The top administrator in charge of security at the Baltimore city jail has been removed from her job in the aftermath of a federal indictment accusing 13 female guards of colluding with a dangerous gang that officials said had essentially taken over the institution.
Shavella Miles was the third-highest ranking official at the Baltimore City Detention Center before her removal on Friday, which was confirmed by two people with knowledge of the investigation. Her departure appears to represent the first significant fallout since the arrests last month — and the first that extends into the ranks of management.
The development appeared certain to fuel more political hand-wringing in Annapolis, where Maryland Republicans on Tuesday scheduled a news conference to discuss “the failure” of Gov. Martin O’Malley (D) and Democratic leaders in the General Assembly “to prevent the illegal activity taking place within Maryland’s Correction System.”
State officials initially defended management of Maryland’s prison system, which operates the jail, but they also launched a top-to-bottom investigation into the facility’s staff that included polygraph tests for senior managers.
Their probe followed the announcement April 22 by federal prosecutors in Baltimore that 13 female prison guards had allegedly colluded with members of the Black Guerrilla Family prison gang to smuggle drugs and cell phones into the jail. Prosecutors said four of the guards became pregnant as a result of liaisons with a single inmate. The charges include racketeering, money laundering and drug offenses.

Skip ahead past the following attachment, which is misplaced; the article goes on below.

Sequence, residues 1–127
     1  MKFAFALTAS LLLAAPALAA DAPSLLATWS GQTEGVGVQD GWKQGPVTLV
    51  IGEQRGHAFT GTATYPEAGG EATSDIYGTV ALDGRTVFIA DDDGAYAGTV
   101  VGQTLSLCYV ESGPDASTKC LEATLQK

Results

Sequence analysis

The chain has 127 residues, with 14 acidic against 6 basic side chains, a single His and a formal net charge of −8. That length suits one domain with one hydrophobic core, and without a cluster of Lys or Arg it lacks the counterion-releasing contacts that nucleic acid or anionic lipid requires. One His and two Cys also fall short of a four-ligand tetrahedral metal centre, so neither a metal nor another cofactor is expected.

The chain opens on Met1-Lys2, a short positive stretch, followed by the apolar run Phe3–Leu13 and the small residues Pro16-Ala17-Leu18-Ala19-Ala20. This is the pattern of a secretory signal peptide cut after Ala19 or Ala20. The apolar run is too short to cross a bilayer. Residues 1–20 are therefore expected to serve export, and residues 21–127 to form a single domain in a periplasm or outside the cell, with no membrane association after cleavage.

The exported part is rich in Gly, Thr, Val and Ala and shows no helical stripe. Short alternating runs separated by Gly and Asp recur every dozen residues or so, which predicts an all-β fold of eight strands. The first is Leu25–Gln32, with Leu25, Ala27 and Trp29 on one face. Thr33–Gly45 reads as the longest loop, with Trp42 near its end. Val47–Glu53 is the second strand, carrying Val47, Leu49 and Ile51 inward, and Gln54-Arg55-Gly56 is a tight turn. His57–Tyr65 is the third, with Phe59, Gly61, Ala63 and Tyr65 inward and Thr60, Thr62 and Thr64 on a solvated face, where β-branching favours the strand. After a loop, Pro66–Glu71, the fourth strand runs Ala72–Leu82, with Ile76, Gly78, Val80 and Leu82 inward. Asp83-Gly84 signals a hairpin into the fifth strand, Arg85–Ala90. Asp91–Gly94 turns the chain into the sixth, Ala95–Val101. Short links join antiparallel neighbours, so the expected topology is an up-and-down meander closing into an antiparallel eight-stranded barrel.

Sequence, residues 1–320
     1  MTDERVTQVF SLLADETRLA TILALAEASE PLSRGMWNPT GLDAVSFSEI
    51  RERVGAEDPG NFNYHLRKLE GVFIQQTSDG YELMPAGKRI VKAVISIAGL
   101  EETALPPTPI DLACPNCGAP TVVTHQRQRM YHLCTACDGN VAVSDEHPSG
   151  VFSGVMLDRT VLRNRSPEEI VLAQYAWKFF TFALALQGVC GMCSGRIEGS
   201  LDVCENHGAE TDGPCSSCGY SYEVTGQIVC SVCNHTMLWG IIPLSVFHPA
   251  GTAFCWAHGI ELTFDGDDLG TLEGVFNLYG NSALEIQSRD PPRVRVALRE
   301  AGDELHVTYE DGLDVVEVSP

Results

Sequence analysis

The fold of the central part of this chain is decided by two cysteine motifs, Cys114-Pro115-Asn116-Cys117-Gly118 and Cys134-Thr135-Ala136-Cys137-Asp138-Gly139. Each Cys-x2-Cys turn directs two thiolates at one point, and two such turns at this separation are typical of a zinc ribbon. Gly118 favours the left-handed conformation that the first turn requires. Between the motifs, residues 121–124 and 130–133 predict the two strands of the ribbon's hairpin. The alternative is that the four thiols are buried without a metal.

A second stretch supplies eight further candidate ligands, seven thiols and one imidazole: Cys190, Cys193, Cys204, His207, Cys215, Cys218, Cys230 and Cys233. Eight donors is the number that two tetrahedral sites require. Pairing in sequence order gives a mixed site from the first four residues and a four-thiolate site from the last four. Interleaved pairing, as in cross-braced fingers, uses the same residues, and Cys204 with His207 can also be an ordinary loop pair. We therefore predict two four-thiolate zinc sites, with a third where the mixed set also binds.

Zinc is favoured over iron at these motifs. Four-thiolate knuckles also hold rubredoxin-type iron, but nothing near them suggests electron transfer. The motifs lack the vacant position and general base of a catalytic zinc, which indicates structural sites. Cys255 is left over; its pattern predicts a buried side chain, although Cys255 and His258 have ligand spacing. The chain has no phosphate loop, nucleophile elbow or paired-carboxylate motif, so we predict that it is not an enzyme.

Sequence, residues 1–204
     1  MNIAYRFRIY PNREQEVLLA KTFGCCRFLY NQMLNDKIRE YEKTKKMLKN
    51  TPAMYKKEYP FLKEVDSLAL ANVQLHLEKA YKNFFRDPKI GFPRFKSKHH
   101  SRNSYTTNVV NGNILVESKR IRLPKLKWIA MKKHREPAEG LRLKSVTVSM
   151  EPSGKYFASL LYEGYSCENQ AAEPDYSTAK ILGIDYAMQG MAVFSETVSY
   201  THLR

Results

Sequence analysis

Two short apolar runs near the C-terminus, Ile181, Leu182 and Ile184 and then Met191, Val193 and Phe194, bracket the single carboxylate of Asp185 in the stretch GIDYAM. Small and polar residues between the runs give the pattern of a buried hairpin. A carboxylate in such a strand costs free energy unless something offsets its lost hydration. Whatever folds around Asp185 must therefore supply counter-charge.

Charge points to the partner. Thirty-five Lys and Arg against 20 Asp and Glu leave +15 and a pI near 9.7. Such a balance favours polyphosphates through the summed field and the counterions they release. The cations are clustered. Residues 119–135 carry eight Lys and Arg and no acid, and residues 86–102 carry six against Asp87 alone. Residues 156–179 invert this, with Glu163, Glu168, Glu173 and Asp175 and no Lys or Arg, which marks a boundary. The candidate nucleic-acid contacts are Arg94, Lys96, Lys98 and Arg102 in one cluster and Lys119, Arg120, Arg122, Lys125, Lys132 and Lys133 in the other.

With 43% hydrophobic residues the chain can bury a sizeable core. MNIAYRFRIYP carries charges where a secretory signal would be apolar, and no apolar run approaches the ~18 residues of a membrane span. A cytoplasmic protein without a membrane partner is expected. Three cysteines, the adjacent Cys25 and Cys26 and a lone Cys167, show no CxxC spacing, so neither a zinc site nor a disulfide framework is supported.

Rick Binetti, a Maryland corrections spokesman, confirmed that the security chief was removed on Friday, but he declined to identify Miles. Binetti also declined to reveal the results of the reviews of the two higher-ranking officials at the facility, Jail Administrator Ricky Foxwell and Assistant Jail Administrator Gwendolyn Oliver.
Miles’s removal came a week after Gary D. Maynard, the embattled secretary of Maryland public safety and correctional services, said top jail officials would be required to submit to polygraph tests following the federal indictment.
Miles held the position of security chief as of January, according to a state directory and recent court records. Colleagues saw her escorted from the 3,000-inmate facility north of downtown Baltimore on Friday.
A call to Miles’s home Tuesday evening was not immediately returned, nor was a call to the union representing jail guards. According to court records, Miles had been a state corrections employee since at least 2004. As of early 2011, she held the rank of major at a state prison in Jessup. By last July, she had been named security chief in Baltimore, one of the rare pre-trial detention facilities nationwide run by a state corrections department.
In an e-mail, Binetti characterized as “ongoing” the department’s assessment of operations at the detention center, which has more than 600 employees.
Martin Horn, a former head of corrections for Pennsylvania and New York City, said that as security chief, Miles would have been expected to know everything happening inside the jail.
“The question is, what did she know, when did she know it and what did she do with the information? Did she report it to her superiors?”
Maynard and O’Malley have characterized the probe that led to the indictment as a year-long collaborative effort with the FBI and U.S. Attorney’s office. But according to the federal case, the gang at the center of the criminal conspiracy was known to have been a dominant force in the state-run detention center at least five years earlier, in 2006.
Leaders of the General Assembly plan to return to Annapolis next month for a hearing on the jail.
Ann E. Marimow and Jennifer Jenkins contributed to this report.